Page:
"Rushmore" is a proprietary technique to speed up data access on indexed tables. It was created early in the history of Foxpro, long before there was a Visual Foxpro, and long before Microsoft bought the Fox Software company. Supposedly, the name comes from the fact that the system is used to "rush more" data to the user faster. It's been alleged that the main reason Microsoft made this purchase was to get its hands on the Rushmore technology. Certainly, Microsoft has applied that technology to other products, including Access and, as alleged by some, to SQL Server and perhaps to its upcoming Longhorn OS's database-based file system. In other words, Rushmore pretty much remains unsurpassed in the entire database world as a data access speed enhancer.

In order to take full advantage of it, though, you need to have an index not only on the field you want to search for, but in many cases, on a massaged version of the data in that field. A common example would be searching for records for people whose last name is "VanDamme". You can't count on users to capitalize names properly, and it's really not possible to produce a foolproof procedure for correcting capitalization of names like this one. The standard answer is to convert the entire name to upper or lower case and match it like this:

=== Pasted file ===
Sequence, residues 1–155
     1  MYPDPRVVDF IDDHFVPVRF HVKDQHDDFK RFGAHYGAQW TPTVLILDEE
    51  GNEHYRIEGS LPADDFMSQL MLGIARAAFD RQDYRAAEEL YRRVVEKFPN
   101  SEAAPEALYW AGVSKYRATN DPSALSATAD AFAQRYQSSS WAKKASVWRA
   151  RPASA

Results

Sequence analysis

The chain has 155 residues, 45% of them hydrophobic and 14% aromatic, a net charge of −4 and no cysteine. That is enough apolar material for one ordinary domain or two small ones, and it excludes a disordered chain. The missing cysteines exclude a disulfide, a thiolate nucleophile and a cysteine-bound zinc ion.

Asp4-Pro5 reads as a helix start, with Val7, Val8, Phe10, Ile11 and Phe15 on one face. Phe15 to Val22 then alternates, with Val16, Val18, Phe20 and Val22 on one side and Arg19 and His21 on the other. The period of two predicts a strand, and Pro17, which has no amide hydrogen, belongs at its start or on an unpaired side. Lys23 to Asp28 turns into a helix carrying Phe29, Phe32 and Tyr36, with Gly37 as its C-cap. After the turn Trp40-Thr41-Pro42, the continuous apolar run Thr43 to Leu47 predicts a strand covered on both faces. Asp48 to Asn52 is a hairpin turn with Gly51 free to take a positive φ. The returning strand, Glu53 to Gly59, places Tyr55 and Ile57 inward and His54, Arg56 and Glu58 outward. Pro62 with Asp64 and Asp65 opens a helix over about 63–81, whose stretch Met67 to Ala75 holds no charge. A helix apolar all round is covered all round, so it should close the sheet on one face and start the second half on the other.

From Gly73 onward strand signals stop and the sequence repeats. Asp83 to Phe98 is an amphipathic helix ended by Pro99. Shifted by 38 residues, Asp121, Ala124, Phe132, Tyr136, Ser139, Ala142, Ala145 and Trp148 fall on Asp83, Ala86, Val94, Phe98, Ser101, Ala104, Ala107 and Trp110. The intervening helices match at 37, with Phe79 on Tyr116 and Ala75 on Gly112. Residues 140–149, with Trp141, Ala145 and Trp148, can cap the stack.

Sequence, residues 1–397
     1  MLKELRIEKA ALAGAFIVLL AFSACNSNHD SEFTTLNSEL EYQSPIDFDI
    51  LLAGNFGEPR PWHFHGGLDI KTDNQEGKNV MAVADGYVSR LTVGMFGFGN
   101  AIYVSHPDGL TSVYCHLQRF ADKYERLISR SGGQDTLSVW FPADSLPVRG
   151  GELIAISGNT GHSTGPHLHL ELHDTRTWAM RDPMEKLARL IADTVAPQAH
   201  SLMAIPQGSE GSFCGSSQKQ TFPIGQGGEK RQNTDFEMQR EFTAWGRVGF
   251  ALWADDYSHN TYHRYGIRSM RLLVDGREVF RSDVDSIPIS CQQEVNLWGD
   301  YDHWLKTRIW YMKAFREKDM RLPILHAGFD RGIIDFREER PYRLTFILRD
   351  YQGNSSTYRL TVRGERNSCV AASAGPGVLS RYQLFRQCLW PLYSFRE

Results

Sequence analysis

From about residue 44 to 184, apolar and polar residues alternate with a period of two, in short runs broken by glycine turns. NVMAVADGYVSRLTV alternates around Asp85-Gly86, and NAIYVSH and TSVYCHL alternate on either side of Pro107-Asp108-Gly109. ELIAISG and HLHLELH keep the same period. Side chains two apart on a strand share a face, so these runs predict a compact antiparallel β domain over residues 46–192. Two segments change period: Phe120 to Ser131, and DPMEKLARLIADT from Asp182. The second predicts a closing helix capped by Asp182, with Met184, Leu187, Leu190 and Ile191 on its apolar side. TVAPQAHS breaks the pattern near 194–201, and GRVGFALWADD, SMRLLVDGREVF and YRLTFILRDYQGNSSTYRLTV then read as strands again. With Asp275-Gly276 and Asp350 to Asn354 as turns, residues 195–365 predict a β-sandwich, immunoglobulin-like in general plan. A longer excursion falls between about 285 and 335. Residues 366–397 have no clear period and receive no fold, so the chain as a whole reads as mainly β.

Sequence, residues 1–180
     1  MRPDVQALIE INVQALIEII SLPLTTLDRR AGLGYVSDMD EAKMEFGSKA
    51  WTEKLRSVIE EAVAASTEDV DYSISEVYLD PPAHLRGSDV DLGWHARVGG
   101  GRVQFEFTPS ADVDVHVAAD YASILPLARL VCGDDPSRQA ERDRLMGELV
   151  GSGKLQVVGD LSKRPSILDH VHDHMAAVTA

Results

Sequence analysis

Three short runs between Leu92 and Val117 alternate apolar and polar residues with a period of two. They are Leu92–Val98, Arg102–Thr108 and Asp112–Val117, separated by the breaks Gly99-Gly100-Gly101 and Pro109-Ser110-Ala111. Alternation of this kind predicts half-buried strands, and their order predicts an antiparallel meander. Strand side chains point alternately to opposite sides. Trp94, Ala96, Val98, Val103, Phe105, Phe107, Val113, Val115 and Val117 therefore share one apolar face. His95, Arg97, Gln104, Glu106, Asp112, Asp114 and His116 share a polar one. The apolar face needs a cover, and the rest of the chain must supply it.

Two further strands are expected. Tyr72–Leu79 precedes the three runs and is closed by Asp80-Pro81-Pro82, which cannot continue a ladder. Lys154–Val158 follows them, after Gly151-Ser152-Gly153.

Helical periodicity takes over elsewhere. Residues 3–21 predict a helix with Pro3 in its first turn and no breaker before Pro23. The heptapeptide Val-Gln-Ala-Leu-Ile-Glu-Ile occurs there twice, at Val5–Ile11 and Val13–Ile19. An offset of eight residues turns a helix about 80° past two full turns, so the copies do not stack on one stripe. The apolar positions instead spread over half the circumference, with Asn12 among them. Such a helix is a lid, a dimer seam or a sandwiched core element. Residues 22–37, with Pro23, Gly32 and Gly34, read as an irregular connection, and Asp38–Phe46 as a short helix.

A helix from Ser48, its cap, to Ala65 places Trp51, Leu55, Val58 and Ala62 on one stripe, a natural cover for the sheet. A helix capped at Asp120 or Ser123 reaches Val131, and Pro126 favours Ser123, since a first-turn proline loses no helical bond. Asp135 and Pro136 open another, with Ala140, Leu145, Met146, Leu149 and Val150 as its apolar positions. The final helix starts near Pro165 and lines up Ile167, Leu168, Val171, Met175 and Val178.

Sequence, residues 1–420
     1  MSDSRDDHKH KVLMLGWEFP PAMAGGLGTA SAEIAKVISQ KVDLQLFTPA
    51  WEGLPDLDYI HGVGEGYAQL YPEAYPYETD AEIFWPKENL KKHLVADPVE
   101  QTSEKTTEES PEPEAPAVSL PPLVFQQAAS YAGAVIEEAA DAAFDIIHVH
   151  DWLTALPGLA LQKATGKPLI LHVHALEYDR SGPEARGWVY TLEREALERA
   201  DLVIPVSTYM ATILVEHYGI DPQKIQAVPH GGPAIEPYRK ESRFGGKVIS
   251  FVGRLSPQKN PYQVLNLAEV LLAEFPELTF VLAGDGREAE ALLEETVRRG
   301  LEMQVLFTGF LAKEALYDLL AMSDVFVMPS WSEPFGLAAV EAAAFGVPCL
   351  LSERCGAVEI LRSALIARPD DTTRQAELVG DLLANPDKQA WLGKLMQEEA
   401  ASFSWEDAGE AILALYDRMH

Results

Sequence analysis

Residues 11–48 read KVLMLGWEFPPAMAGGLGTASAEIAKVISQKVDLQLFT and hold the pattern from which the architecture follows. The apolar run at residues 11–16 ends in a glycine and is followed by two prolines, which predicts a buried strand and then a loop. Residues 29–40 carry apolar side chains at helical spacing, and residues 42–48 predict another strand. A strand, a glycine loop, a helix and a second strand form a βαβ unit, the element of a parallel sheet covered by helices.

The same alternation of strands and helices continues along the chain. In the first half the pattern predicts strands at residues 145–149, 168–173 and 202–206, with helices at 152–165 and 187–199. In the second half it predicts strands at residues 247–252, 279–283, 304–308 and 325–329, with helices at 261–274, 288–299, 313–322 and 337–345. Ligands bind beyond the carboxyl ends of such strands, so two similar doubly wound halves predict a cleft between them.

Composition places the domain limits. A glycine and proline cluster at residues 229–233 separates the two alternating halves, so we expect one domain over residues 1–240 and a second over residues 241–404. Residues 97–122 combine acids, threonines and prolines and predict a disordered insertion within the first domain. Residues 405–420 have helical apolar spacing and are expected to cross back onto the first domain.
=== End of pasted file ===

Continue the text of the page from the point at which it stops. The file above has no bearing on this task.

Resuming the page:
? UPPER(namevalue1) == UPPER(namevalue2)

However, if you have a simple index tag on the lastname field and you look for this kind of a match, Rushmore won't fully kick in. So instead, do:

INDEX ON UPPER(lastname) TAG ULastName

Now your search for VanDamme will run much faster.

You can also use expressions when creating index tags for specialized purposes, like:

INDEX ON (pricepaid > 1000) TAG BigSpenders


INDEX ON UPPER(lastname) + TRANSFORM(birthdate) + phonenumber TAG CompoundKey

if you think you're likely to need that kind of thing. The VFP Help cautions that having a whole bunch of index tags in a .cdx, or having tags with a lot of embedded functions, will slow down some table operations signficantly, so don't do too much of this.

I need to emphasize that sometimes Rushmore can actually slow things down instead of speeding them up. This will be the case, for example, if you have an index on DELETED() in a table with a very large number of records, but only a few deleted records. As I said, indexing is complex, and I don't want to confuse the issue in a beginner-level document.

But most definitely, create indexes for fields you search on often. When used properly, Rushmore speeds up searches by a factor of 20 or more on big tables.

When "corruption" occurs, the most likely culprit is an index that's "out of synch" with its table. VFP has a REINDEX command that is supposed to fix these problems, but it rarely works. Instead, you should wipe out the problem index file with